July 2008 Monthly Forecast

Posted 27 June 2008
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ASIA

DPRK (North Korea)

Expected Council Action
The Chairman of the Sanctions Committee on the Democratic People’s Republic of Korea (DPRK), Ambassador Marcello Spatafora of Italy, will brief the Council in July. The Committee, which was established by resolution 1718 following North Korea’s October 2006 nuclear test, must report to the Council every 90 days.

No formal Council action is expected. However, given the encouraging developments leading towards Pyongyang’s full disclosure of its nuclear programme, it is possible that the Council will issue a press statement. A process for review of the sanctions is also a possible option if the current trend continues.


Key Recent Developments
Ambassador Spatafora briefed the Council on 2 April. Resolution 1718 asked member states to report to the Council by 14 November 2006. Seventy three countries and the EU have submitted reports.

On 26 June Pyongyang submitted a declaration of its nuclear activities to China, the chair of the six-party talks. At press time, it was also on the point of destroying the cooling tower of its Yongbyon nuclear reactor which shut down in July 2007.

In May, North Korea handed over 18,822 pages of documents constituting operating and production records of the Yongbyon reactor.

The DPRK has received about 40 percent of the energy aid promised in the Beijing Agreement of February 2007. Further installments are likely when the DPRK has completed more of the 11 steps in “disabling” its nuclear programme.

A handover of all nuclear material and permanent dismantling of all nuclear facilities—the last phase of the agreement—is still expected at a later stage. The US is offering political and economic inducements for North Korea’s complete denuclearisation. Following the DPRK’s 26 June nuclear declaration the US announced the removal of some trade sanctions under the US Trading with the Enemy Act and its intention to drop North Korea from its terrorist list. Removal of all trade sanctions, establishment of diplomatic relations and the signing of a formal peace treaty are expected to follow at later stages as the DPRK moves to complete denuclearisation.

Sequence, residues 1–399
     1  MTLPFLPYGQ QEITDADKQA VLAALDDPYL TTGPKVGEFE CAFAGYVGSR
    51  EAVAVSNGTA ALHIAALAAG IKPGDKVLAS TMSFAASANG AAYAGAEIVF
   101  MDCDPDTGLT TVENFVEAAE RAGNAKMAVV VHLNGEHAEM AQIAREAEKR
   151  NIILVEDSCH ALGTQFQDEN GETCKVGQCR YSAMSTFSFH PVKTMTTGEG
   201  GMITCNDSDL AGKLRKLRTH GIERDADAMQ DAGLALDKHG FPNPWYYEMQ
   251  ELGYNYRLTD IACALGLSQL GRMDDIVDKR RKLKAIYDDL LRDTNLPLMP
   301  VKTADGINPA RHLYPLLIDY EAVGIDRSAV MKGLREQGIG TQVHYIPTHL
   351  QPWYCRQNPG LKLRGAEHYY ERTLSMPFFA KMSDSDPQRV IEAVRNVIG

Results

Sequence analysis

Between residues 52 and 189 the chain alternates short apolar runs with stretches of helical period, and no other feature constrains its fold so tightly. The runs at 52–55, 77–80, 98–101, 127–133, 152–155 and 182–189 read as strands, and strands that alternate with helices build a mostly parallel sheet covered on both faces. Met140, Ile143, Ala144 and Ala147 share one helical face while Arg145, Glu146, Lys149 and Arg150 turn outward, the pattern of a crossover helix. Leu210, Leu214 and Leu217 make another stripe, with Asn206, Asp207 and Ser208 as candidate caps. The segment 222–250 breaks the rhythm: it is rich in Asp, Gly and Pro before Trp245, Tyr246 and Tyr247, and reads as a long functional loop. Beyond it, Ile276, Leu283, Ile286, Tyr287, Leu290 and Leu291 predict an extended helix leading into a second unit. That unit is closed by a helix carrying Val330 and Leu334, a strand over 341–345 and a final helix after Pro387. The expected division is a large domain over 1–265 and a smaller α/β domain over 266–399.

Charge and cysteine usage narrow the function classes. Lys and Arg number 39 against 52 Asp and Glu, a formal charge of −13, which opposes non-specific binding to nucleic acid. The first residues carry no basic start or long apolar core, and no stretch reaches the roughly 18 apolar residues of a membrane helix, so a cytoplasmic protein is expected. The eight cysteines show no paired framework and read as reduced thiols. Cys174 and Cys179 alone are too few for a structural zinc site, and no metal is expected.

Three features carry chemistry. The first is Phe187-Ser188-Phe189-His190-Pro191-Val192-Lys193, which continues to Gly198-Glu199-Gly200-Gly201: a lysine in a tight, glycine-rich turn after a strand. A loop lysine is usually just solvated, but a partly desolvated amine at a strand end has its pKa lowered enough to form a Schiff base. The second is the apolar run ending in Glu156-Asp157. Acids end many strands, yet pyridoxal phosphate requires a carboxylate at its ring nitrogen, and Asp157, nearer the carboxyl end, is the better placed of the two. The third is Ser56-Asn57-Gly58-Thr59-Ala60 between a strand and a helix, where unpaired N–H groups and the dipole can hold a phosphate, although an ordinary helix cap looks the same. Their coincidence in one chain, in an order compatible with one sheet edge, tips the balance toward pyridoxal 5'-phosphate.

In June, Japan announced it would lift some sanctions in light of North Korea’s recent cooperation on the issue of abducted Japanese civilians.

On 30 May, North Korea fired three short-range missiles into the Yellow Sea. The missile tests did not provoke much reaction, as they were fired well away from waters contested by South Korea.

North Korea’s 23 million citizens face a devastating food crisis. The UN World Food Programme warned in April that the annual food deficit is expected to increase from 1 million tons in 2007 to 1.66 million tons this year. The US announced on 16 May that it would transport 500,000 tons of emergency food aid to supplement the existing aid-for-disarmament deal. In mid-June, Russia also began food deliveries.

Related Developments in the Human Rights Council (HRC)
The HRC resolution adopted on 25 March expressed deep concern at the “systematic, widespread and grave violations” of human rights in North Korea and alarm at “the precarious humanitarian situation in the country”. The resolution also extended the mandate of the UN’s special rapporteur on human rights in the DPRK.

Options
The Council has the following options:

  • receive the briefing and take no action;
  • issue a press statement welcoming the DPRK’s progress towards denuclearisation; and
  • initiate a review of sanctions and request the Committee to consider possible options or recommendations in light of developments.

Key Issue
The key issue is whether the Council should play a role in seeking to encourage the recent developments by adding multilateral incentives to incentives offered bilaterally. A sanctions review is a possible device in this regard, although actual removal of UN sanctions is unlikely at this stage, given the US position.

Council Dynamics
The Sanctions Committee has been inactive for many months. Previously, most felt that non-engagement by the Council was the best strategy. There are no major indications that this will change. There seems to be little desire for the Council to assume a more proactive role.

UN Documents

Selected Security Council Resolutions

  • S/RES/1718 (14 October 2006) expressed grave concern over the DPRK’s nuclear test, imposed sanctions and set up the Sanctions Committee.

Selected Letter

  • S/2007/778 (31 December 2007) transmitted the Sanctions Committee’s activities for the year 2007 to the Council.

Other

  • Letters submitted from UN member states on implementing resolution 1718.
  • IAEA report (17 August 2007) (GOV/2007/45-GC(51)/19) verified the shutdown of the Yongbyon reactor.
  • A/HRC/7/L.28 (25 March 2008) condemned the DPRK’s human rights violations.

Full forecast